Perfectly Panchromatic: First Impressions with the Potsdam Kino Film

The new black-and-white emulsion from Lomography, the B&W 100 35 mm Potsdam Kino Film is no ordinary emulsion. Art photographers who got to try out a roll of the Potsdam Kino film talk about their candid thoughts and feelings upon their first use. The consensus? It's will be the dark horse of all panchromatic films, thanks to its wide tonal range, versatility, and cinematic aesthetic, all possible in a film with ISO100. Get to know more about this film through these artists' very own experiences.

Photos: Ida Tangeraas (VIE), Cristian Sicci (ITA), Tsutomu Umezawa (JP), Li Cheng En (TW)

Li Cheng En's Taipei in Grayscale

Taiwanese Lomographer Li Cheng En a.k.a. intothelostnights has been an experimentalist through and through. Li has a very interesting belief that darkness is what truly carries everything and light is out there to reflect them. With the same stand on the camera obscura, he puts the B&W 100 35 mm Potsdam Kino Film to the test by developing his own roll. His self-processed photographs of ordinary life and details in the Taipei streets caught him by surprise with its sharpness, as his city rarely experiences transparent and solid sunlight. Li says:

"I developed the film myself. As the developer that I usually use isn’t included in the cookbook, I compare the developing time of the recommended developer and mine. I can say this is an unknown trial, but the result is good. It is rich in details. The layer is solid with fine particles. Its sharpness is also nice, suitable to shoot under sunshine."
Model: Ching An Hsieh (TW); Photos: Li Cheng En (TW)

Tsutomu Umezawa: Monochromatic and Fleeting

Tokyo-based film shooter Tsutomu Umezawa currently runs the series It Girlie and has always been more of a color negative user. However, he makes an exception to try out the new B&W 100 35 mm Potsdam Kino Film. Very much careful with how he will capture light and contrast, he opted to test the film with his family members and home as his subjects. The results give a fleeting, mono no aware vibe in daily life, very much akin to the films directed by the legendary Yasujirō Ozu. Here's what Tsutomu has to say about the film:

"The film has a very wide range of tones and add a dramatic and exotic feel on the photos. It was very fun to shoot with this."
Photos: Tsutomu Umezawa (JP)

Ida Tangeraas' Classic Cinema

Vienna-based film photographer Ida Tangeraas likes to combine art and documentary in her shots, and is a patron when it comes to the use of monochromatic film. For Ida, black-and-white photos are timeless while still being able to bring out the surprising element in photography. As a firm believer of darkroom magic, when Ida tested the new B&W 100 35 mm Potsdam Kino Film, she decided to develop and process the film herself. Her photographs were inspired by the movie B-Movie, Lust and Sound, a documentary about the wild and creative community in West Berlin prior to the fall of the Berlin Wall. She contacted the Austrian band Oehl for the shoot. When the results came out from her first try with the Potsdam Kino film, she was already seeing the multiple creative possibilities. Ida told us:

"The Potsdam Kino film is a film with a timeless and classical feel. It has a medium contrast and a consistent and smooth grain that adds a touch of another decade. The film delivers different outcomes depending on the light situation. If you are shooting in low light conditions, you can get a lovely blur and under more controlled conditions (like using a tripod for indoor shots) or having a nice and bright day for outdoor shootings, the film has superb sharpness and great details."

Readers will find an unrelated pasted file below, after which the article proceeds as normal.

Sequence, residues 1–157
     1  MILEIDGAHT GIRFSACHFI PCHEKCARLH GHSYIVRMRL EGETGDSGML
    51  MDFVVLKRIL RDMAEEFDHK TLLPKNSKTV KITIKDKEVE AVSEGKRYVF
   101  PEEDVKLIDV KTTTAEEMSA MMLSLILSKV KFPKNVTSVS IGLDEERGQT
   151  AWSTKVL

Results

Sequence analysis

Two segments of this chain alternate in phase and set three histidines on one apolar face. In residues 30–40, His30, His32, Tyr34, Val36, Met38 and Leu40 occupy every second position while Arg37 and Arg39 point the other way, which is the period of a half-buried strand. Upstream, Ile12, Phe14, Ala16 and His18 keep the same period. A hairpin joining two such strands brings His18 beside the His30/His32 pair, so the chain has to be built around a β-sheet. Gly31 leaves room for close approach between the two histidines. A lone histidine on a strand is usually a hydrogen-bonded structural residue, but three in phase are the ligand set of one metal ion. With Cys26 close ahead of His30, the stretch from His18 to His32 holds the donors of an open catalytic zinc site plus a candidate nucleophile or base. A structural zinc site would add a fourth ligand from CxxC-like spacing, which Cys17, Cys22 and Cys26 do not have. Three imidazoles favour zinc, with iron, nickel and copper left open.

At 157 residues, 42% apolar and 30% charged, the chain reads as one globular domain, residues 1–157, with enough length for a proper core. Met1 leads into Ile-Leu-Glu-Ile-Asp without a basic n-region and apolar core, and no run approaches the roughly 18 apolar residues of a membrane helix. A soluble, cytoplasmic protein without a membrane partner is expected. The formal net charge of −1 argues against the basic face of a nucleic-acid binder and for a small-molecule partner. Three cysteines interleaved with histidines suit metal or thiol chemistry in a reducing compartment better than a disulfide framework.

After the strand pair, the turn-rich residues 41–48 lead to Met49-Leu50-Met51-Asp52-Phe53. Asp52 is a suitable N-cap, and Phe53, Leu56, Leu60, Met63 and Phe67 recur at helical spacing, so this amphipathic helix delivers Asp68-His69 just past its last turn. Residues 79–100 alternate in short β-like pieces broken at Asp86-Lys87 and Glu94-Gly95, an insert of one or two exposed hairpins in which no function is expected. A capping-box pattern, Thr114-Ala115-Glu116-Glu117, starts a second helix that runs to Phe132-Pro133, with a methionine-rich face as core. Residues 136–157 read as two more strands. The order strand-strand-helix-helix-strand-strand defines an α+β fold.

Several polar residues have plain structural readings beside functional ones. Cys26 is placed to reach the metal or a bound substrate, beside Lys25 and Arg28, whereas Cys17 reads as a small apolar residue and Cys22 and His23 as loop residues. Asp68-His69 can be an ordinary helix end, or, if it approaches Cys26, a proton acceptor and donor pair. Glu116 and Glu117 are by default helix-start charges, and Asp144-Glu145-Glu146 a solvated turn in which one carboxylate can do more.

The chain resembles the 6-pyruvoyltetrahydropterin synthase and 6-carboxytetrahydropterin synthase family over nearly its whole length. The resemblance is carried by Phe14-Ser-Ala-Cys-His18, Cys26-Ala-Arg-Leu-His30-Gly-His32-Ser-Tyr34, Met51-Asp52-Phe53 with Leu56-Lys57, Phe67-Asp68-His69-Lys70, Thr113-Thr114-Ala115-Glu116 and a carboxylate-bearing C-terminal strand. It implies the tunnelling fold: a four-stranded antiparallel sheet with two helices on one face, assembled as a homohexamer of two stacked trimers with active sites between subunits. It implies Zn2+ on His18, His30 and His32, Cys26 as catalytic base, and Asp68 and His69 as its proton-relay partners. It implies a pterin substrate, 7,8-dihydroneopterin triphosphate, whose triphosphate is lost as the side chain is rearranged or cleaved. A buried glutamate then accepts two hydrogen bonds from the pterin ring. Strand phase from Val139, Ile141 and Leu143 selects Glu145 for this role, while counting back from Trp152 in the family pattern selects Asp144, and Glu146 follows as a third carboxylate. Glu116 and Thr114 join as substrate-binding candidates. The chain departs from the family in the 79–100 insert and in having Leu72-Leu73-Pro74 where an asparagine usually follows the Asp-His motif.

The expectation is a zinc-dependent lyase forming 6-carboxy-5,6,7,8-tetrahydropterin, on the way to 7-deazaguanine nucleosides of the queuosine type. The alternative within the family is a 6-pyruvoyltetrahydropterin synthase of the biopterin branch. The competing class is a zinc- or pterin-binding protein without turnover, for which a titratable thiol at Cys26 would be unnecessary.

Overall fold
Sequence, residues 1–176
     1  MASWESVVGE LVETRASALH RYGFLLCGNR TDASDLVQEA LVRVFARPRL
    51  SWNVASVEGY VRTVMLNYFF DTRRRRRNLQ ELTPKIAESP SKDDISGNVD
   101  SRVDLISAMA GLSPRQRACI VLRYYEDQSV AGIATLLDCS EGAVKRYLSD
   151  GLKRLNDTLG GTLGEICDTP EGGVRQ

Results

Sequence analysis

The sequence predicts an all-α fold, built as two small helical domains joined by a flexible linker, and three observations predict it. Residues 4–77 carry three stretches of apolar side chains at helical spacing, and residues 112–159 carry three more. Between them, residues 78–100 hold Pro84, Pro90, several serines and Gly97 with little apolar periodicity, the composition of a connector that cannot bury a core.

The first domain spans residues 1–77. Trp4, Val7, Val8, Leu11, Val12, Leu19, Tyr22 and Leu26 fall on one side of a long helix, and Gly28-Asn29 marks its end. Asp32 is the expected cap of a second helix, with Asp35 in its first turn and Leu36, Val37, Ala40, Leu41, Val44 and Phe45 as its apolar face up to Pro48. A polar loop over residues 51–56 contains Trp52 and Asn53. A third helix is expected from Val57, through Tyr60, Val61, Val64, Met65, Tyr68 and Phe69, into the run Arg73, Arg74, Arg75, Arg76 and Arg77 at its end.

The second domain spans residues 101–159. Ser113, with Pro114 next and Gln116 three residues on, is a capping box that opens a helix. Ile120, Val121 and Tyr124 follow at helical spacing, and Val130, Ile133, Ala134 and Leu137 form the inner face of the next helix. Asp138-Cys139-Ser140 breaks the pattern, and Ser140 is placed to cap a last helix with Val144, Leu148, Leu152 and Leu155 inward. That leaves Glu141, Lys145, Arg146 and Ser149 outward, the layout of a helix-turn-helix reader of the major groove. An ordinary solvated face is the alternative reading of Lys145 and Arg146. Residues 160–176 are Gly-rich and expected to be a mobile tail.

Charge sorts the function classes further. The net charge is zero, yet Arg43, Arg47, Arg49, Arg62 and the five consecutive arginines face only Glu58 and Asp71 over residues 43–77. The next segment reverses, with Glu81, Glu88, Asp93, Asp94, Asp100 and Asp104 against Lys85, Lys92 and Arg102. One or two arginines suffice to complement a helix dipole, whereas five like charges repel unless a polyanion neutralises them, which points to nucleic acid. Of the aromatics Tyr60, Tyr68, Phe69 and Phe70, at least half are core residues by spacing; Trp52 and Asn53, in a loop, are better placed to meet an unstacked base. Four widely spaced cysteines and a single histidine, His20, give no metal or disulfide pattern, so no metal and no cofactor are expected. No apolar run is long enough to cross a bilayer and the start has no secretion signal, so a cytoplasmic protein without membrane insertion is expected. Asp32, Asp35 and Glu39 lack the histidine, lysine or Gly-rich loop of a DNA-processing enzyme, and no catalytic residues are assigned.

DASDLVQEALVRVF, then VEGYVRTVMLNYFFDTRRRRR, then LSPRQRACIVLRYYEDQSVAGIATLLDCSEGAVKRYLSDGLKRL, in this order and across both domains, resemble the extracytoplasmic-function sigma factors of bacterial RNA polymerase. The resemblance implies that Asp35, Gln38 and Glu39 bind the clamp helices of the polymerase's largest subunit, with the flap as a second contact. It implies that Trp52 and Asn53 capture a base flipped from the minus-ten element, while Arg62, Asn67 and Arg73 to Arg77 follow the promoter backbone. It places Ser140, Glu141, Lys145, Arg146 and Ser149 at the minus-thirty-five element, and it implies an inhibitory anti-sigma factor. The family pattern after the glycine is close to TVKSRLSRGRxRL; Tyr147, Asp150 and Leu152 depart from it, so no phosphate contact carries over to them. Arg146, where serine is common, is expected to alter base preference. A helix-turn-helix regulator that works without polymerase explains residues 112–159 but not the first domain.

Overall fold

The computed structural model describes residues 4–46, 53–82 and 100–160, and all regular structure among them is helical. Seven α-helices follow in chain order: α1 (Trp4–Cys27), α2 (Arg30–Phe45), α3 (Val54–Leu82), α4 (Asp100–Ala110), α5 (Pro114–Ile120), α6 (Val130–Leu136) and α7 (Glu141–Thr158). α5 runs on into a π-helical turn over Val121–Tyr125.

For those interested in how she developed the film, here's a brief description from Ida:

"I developed the film myself. First load the film in a light-proof developing tank, use a thermometer to make sure the liquids stay around 20 degrees, add the develop for 7 minutes, continuously agitating for the first minute, then 4-5 times every minute to make sure the whole roll will develop correctly, stop the developing process by adding the stopper for 30 seconds, then add the fixer solution for around 7 minutes to stabilise the film and make it insensitive for light and then rinse it in water to remove the last chemicals and some wetting agent (to prevent water stains) and hang it up to dry!"
Models: Hjörtur Hjörlässon, Lukas Novak, and Verena Maier; Photos: Ida Tangeraaas (VIE)

Cristian Sicci's Neorealism

Sicilian shooter Cristian Sicci sees the monochromatic medium as the way to capture the soul. With the new B&W 100 35 mm Potsdam Kino Film around, Cristian took the opportunity to translate his emotions into images with his LC-Wide. His results with the film turn out to look like stills coming from the Italian Neorealist cinema era. It's love at first sight for Cristian and the Potsdam Kino. Hear him wax poetic about it:

"The image’s quality is perfect, the grain is light... I love the atmosphere that contains every single shot! In my opinion, I promote this film with flying colors! With this film, I feel that I could shoot in various daylight situations, also in low-light conditions without the image-quality being affected. Because of this, I think the film has a good range of shades and exposure. This film can be overexposed over ISO200 without missing the details and also preserving the texture quality. It’s possible to use it with different photography styles. I love to shoot portraits with this film because there is a vintage finish that gives to the pictures a nice touch. What’s else is there to say? The future is analogue!"
Photos: Cristian Sicci (ITA)

Ready yourself for a more artistic and experimental analogue routine in 2019 by stocking up on the B&W 100 35 mm Potsdam Kino Film, available at the Online Shop and Gallery Stores worldwide.

written by cielsan on 2019-01-16 #gear

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